Small businesses often need access to capital, whether it’s to seize opportunities or navigate unforeseen financial hurdles. According to a CB Insights study, it’s estimated that 29% of small businesses fail because they run out of capital. Other reasons businesses fail can range from an inexperienced team, to being outcompeted, to having poor product offerings in place.

However, in several instances, a well-thought-out business loan can provide the necessary resources to help a company overcome challenges. It can include helping expand/upgrade staff, property, and equipment, managing cash flow, meeting payroll during financial droughts, and more. In short, it can unlock a company’s full potential.

Here are six types of business or commercial loans, and how they can potentially help your company:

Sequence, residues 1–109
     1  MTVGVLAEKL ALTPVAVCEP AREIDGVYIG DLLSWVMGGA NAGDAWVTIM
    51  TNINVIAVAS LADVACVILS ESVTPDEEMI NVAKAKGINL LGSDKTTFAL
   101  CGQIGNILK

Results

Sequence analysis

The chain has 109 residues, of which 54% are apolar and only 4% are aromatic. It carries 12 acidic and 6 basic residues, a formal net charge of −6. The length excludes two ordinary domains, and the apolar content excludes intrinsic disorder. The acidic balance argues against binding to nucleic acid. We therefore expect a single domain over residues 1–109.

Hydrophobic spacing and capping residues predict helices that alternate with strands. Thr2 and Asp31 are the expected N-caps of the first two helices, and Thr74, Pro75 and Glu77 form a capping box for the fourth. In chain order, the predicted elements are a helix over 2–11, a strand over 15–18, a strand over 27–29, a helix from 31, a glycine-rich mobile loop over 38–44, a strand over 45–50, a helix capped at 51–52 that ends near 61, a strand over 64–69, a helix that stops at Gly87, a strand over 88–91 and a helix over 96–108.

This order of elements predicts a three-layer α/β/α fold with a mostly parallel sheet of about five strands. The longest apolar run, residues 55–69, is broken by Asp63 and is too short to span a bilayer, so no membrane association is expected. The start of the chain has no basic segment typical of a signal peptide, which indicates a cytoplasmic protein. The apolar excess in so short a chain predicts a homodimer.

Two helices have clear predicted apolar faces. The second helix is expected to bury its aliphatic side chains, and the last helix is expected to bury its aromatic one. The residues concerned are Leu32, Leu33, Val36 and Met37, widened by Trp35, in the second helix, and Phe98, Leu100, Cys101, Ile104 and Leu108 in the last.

1. Business Line of Credit.

A line of credit provides a predetermined amount (e.g. $100,000) that can be used as needed and paid back similar to a credit card. However, they often have lower rates than credit cards. Business lines of credit can also help manage cash flow fluctuations, cover short-term expenses, or seize immediate opportunities. The upside is you only pay interest on the amount used and can repay the principal when your company has excess cash. However, it’s strongly advised to only take out what you can reasonably pay back.

2. SBA (Small Business Administration) Loans.

These government-backed loans can offer more favorable and longer terms than traditional loans. SBA Loans can be used for diverse purposes, including real estate purchases, working capital, or business acquisitions. 

3. Equipment and Fleet Loans. 

Equipment and fleet loans are specifically for acquiring machinery, vehicles, or other equipment used for business operations. The equipment serves as collateral, and loan terms often align with the equipment’s expected lifespan.